Suppose we consider Elektra only gave up on KMD because they weren’t bankable enough. Had the group come out a few years later, they would’ve had a vibrant collection of indie rap labels to fall back on. Black Bastards would’ve been right at home on Stone’s Throw, Babygrande, Rhymesayers, or especially Def Jux, but none of those existed in ’94. Any cultural cachet that’s now associated with jumping down from a major to an indie in order to release grittier material didn’t really register during the commercial gold rush of early ’90s rap.

The fact that Black Bastards was a “lost ” album until its eventual release in 2001 added to the mystery surrounding Dumile, as did the sudden and tragic death of his brother and fellow KMD member DJ Subroc. The details on DOOM’s life between ’94 and ’99 are murky at best, thanks in part to DOOM himself, who’s fluctuated between saying it was a “really, really dark time ” during which he was “damn near homeless ” and on other occasions, claiming that he was “just doing regular stuff, just raising my son. ” Not to go too deep into a parallel universe here, but had Black Bastards gotten its due, it would’ve been much harder for Dumile to disappear, and he probably wouldn’t have faced near-homelessness.

People close to Dumile often cite this dark period as the reason he created the MF DOOM character, an amalgam of Fantastic Four villain Doctor Victor Von Doom, G.I. Joe villain Destro, and the Phantom of the Opera (according to DOOM). Blake Letham, AKA KEO, the visual artist who helped DOOM design his now-iconic mask, has noted that his friend was “disgusted with the whole industry for a while. ” Dante Ross, the Elektra A&R that signed KMD, said that, “Sub[roc]’s death, understandably, made DOOM a very angry person. ”

Upon his return to music, anonymity was DOOM’s main goal. “In the beginning he’d throw on a bandana, or whatever he had to do, ” said Letham, “the idea was to conceal his identity. ” Not only did this goal manifest itself in his physical presentation, but also in his adoption of fictionalized characters and constantly-shifting narrative perspectives in his music, and in how he chose to release his first solo music. Between 1997 and ’98, Dumile released three nondescript 12 ” singles — all of which would later appear on Operation: Doomsday — on Fondle ‘Em, a tiny label started by NYC hip-hop legend Bobbito Garcia. “I think DOOM enjoyed putting out stuff the way we did it, with no politics or any of that, no record sleeves, no CDs. ” Garcia said of those inaugural releases. “Just put the record out and it will speak for itself. “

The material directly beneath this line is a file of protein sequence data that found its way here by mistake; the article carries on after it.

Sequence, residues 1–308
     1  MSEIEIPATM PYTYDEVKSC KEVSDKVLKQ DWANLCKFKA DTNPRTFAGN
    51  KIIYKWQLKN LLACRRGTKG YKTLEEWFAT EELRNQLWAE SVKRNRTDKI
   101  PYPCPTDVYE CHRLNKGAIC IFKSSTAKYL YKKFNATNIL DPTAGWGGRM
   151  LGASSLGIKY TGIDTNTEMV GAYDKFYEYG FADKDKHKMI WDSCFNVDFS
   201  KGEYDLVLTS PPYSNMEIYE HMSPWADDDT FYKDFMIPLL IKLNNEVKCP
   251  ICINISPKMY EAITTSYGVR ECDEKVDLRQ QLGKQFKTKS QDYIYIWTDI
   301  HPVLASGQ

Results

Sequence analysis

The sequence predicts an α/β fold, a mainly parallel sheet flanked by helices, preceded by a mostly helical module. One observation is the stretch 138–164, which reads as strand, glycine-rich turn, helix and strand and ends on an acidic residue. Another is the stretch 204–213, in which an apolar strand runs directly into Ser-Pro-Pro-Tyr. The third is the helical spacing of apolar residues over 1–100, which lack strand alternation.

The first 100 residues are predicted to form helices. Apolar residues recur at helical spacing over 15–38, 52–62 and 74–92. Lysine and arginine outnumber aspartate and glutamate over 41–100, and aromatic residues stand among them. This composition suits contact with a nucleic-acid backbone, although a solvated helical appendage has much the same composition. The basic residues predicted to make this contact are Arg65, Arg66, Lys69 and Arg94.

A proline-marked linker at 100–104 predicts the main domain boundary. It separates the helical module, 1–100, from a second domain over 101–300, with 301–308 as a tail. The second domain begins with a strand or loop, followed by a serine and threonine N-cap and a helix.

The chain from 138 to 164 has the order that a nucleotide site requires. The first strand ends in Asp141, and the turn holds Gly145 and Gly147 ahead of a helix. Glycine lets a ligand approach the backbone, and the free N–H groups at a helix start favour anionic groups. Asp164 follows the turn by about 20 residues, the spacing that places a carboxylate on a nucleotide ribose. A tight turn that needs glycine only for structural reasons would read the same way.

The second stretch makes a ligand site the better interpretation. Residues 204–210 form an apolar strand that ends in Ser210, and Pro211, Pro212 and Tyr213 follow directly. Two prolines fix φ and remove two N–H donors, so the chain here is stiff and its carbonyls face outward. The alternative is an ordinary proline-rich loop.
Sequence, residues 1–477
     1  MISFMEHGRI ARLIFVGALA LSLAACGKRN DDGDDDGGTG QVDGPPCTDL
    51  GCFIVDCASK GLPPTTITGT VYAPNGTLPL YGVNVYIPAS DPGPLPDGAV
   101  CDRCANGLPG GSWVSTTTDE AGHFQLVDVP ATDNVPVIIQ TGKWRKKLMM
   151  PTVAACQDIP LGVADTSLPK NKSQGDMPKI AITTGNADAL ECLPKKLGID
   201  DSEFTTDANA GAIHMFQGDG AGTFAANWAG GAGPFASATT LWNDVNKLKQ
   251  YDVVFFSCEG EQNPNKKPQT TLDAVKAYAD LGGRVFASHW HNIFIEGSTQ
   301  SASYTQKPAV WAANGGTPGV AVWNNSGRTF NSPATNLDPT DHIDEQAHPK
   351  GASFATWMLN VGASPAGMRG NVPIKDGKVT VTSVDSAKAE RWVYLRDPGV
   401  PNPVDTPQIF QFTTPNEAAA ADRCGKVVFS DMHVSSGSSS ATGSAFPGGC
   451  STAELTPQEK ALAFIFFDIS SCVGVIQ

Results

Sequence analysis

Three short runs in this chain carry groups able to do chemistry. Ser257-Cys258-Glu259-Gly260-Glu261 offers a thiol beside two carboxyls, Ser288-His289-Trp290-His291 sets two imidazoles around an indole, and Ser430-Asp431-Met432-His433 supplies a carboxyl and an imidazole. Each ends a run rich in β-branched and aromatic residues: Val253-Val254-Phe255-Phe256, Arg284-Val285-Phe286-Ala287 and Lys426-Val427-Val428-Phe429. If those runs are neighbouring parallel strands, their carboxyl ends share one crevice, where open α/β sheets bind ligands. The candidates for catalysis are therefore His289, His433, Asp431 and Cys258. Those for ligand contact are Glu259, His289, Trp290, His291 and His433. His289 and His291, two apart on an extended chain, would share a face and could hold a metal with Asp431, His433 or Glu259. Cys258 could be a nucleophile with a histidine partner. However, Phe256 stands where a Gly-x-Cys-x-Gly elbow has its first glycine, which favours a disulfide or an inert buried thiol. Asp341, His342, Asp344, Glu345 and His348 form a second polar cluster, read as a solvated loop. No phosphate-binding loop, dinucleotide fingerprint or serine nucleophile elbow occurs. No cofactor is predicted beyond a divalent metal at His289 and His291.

Those singles weren’t widely distributed, and at least initially, neither was Doomsday. “It’s the epitome of underground labels, no promotion, ” said DOOM in a 2001 interview. “The album did get to Germany, to certain select places in Cali, but it didn’t get the widespread availability it could have had at the time. A lot of people couldn’t get it.”

For that reason, most people’s first experiences with DOOM lacked context. “Man, it must’ve been great to hear all this music chronologically as it was happening, ” remarked rap critic Andrew Nosnitsky in an NPR segment on Black Bastards’ 20th anniversary, with interviewer Eric Ducker citing how difficult it initially was to “reconcile how the bookish and playful young Muslim guy in KMD went on to become this demented street super villain character named MF DOOM. ” Milo noted that in his earliest experiences with DOOM, he was, “hearing stuff from Madvillainy next to Operation Doomsday next to some KMD track. ” Those guys have either a few years or a few volumes of rap knowledge on me, so my introduction to DOOM came much later, but it was no less mystifying. When I heard Cee-Lo’s hook on DOOM and Danger Mouse’s “Benzie Box “- — “His name’s DOOM/They wonder just who is he ” — I had to know more.

If we moved DOOM’s timeline ahead 10 or 20 years, I would know more. Even if the same fate somehow befell Black Bastards, there’d be more attention paid to his juicy, redemptive narrative. Even if he went to the same lengths to achieve anonymity, he’d be quickly sniffed out like Earl in Samoa or Rick Ross’ past as a corrections officer. Even if he still envisioned a no-frills release strategy Doomsday, it’d be more readily available to the public, probably wouldn’t be released on a radio DJ’s tiny indie label, and almost certainly wouldn’t be a label’s first-ever full-length.

The most inimitable aspect of DOOM’s rise, though, is its word-of-mouth spread. In the NPR interview, Nosnitsky poetically sums it up: “secrets could still move slowly back then. ” Most breakout stories and career trajectories in music 20 years ago would play out completely differently in 2019, but DOOM’s is one of the few that looks irretrievably encased in amber.